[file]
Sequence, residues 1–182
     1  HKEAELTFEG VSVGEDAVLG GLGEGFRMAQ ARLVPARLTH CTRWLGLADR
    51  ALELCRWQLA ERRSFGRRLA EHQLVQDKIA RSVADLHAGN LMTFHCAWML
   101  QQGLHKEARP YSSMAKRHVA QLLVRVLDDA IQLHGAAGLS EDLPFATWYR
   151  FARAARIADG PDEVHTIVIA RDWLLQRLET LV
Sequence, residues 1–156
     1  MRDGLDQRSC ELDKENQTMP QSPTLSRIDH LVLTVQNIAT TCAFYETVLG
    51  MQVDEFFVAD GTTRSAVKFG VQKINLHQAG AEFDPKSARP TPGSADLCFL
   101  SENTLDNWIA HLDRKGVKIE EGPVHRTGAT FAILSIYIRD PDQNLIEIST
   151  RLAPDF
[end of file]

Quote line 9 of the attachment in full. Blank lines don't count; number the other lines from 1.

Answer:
   101  SENTLDNWIA HLDRKGVKIE EGPVHRTGAT FAILSIYIRD PDQNLIEIST